When we think about trauma and prevention we often focus on death as the outcome. However, functional disability from trauma is far more common than death and can cause long-term physical and cognitive impairment despite inpatient rehabilitation. In fact, 95 percent of children and young adults survive moderate to severe trauma. How can we best measure these impairments in a standardized manner? What happens to these patients when they leave the hospital and inpatient rehabilitation? Are we doing all we can to ensure these children recover to reach their fullest potential?
A few years ago I realized that it would be critical to more thoroughly explore the answers to these questions in order to understand the full spectrum of injury burden in children. Thus, with initial pilot funding from the Center for Child Injury Prevention Studies (CChIPS) and a career development award from the National Institutes of Health, I initiated a line of research at CIRP@CHOP to describe the mechanisms behind various types of pediatric traumatic injuries, as well as differences between injury patterns and various outcomes. With this information and further research into the demographics of serious pediatric injury recovery, we hope to develop a systematic approach to improve the level of care offered to these patients -- from the ICU to inpatient rehabilitation to post-care coordinated with the child’s primary care provider.
Most recently, we completed a retrospective cohort study of nearly 14,000 children, ages 7 to 18 years, who received inpatient rehabilitation for traumatic injuries in 523 facilities from 2002-2011 to determine both the prevalence and nature of their residual deficits after discharge using the Functional Independence Measure (FIM). While all injury groups showed cognitive and physical improvement after rehabilitation, those with traumatic brain injury (TBI) -- who were admitted with severe cognitive disability -- only improved to moderate disability upon returning home. Children with spinal cord injuries had longer lengths of stay and more physical disability at discharge, requiring help with daily tasks, such as dressing and eating.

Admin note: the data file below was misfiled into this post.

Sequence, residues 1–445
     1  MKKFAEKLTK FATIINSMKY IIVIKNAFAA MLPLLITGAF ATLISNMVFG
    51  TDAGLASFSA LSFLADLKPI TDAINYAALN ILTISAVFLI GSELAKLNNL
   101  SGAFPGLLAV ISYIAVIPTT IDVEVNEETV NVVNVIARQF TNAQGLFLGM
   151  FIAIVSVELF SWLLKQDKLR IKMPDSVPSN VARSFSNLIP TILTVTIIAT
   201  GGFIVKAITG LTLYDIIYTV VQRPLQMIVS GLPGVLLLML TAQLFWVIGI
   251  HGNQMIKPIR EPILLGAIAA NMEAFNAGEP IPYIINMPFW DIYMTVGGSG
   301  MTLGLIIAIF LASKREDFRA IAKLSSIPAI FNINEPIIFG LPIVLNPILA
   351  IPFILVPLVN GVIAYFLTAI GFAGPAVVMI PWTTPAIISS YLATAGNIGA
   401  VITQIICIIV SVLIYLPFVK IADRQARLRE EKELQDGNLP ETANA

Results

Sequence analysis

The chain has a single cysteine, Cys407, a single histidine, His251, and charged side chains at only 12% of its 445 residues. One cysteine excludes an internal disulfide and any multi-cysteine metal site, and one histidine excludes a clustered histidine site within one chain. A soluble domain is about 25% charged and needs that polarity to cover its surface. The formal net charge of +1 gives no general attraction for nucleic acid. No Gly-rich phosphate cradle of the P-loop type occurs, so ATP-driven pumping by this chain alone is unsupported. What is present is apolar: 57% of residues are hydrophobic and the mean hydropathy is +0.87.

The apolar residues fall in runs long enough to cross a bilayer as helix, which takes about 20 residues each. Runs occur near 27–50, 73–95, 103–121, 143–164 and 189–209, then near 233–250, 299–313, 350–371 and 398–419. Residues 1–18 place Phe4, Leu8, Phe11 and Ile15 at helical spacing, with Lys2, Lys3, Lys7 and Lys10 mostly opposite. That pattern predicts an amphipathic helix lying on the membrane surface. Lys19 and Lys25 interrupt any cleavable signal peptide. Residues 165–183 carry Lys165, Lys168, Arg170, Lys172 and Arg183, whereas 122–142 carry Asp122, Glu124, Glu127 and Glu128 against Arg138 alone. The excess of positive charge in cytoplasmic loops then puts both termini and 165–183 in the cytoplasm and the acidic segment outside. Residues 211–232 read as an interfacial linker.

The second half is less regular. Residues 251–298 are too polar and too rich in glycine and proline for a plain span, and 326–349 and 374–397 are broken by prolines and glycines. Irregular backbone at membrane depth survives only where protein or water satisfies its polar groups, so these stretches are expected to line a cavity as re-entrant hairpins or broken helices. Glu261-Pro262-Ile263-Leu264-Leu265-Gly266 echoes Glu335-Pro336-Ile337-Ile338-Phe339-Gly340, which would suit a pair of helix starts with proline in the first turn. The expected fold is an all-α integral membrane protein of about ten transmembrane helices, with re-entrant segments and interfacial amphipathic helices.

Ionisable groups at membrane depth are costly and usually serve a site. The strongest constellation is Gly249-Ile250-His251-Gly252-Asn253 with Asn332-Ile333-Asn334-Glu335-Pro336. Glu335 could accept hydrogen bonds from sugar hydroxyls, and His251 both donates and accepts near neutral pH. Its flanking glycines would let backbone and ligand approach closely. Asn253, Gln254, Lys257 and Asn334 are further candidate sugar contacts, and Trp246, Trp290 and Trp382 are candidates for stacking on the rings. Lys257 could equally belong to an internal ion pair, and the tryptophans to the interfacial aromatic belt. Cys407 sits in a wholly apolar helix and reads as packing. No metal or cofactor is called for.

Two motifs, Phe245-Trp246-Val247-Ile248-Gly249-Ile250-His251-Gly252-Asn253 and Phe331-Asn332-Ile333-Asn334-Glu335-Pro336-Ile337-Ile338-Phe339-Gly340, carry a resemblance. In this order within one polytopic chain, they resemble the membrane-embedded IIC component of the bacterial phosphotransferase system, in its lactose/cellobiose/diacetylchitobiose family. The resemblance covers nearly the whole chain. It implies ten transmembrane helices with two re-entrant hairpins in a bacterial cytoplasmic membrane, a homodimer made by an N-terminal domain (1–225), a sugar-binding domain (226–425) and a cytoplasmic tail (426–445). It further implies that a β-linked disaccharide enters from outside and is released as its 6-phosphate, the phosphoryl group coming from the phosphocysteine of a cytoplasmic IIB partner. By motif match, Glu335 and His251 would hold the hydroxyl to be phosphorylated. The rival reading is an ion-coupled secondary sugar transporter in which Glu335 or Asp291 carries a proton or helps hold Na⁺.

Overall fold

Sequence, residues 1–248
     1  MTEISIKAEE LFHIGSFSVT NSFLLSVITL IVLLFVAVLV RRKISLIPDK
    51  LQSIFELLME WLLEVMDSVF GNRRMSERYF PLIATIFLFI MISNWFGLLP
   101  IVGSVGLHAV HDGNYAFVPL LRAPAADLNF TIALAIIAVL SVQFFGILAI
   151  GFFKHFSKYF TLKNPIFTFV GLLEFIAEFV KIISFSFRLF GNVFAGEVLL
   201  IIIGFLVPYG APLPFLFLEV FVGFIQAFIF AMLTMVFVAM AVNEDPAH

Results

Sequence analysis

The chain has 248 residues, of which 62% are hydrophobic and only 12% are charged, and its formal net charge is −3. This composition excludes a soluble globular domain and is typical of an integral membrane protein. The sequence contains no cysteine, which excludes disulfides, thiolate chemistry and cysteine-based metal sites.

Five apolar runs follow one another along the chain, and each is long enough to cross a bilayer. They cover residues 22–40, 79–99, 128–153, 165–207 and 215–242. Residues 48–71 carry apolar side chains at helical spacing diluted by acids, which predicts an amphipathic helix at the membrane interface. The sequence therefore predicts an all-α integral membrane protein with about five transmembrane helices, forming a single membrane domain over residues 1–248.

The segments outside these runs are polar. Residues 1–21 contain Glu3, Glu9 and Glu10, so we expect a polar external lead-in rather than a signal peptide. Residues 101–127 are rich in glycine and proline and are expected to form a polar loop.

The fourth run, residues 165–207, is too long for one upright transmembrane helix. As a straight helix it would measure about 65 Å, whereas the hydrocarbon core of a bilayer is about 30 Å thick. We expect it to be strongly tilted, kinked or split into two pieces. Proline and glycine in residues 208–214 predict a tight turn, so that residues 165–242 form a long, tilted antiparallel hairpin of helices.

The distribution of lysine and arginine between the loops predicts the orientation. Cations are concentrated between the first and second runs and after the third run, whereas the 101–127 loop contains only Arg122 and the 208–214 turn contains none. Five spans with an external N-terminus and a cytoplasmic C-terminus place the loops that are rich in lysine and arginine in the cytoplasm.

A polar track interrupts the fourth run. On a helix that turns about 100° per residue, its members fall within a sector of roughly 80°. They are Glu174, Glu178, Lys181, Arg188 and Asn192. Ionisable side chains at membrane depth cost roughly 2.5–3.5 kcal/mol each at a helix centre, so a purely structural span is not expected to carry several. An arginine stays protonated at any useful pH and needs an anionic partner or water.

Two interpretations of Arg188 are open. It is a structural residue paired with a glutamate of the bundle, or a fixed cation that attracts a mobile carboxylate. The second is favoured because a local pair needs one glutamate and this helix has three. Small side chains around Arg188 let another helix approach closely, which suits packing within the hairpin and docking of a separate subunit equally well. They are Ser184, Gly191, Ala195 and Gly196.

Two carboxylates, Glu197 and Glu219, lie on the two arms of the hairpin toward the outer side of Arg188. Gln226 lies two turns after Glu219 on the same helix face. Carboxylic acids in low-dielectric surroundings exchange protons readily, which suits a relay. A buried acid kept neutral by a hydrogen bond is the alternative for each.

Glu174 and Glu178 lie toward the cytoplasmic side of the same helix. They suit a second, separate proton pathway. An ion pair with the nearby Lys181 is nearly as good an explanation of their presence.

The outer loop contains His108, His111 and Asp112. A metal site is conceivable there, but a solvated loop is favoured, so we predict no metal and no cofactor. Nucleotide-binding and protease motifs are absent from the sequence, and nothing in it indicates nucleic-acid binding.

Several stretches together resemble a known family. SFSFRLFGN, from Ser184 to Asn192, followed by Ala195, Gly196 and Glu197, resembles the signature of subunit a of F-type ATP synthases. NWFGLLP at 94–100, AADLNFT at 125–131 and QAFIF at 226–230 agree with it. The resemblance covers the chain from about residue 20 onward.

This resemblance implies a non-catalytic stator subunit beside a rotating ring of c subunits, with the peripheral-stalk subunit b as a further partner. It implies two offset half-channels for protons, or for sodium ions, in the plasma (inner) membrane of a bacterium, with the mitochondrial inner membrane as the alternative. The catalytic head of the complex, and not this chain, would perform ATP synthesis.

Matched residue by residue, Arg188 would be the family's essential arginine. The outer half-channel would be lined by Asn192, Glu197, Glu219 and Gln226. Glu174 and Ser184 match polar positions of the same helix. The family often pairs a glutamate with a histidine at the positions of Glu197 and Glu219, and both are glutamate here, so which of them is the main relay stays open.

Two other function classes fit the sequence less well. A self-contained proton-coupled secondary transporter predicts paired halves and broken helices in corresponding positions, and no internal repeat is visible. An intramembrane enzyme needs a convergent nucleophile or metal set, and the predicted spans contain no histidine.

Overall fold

When the majority of children with moderate to severe injuries such as traumatic brain injury and spinal cord injury leave inpatient rehabilitation with significant physical and cognitive deficits, improving their quality of life becomes paramount. Understanding the residual effects of these disabilities is the first step. The next step is making sure that clinical care decisions are grounded in evidence to address these long-term needs. Helping families cope after the injury and locate further rehabilitative services for their child’s continued recovery will help improve outcomes. This can be accomplished with a comprehensive approach, led by the child’s primary care provider.
Future research at CIRP@CHOP will map the factors related to poor outcomes for these injured patients. We hope to influence prevention efforts throughout their path of care. These efforts include identifying at-risk patients and promoting safe behaviors.
Disabling trauma is life-changing for children and their families. With continued research into the patterns of injury-related disability and best practices for acute care and rehabilitation, we can maximize prevention, treatment, and recovery of these potential injuries.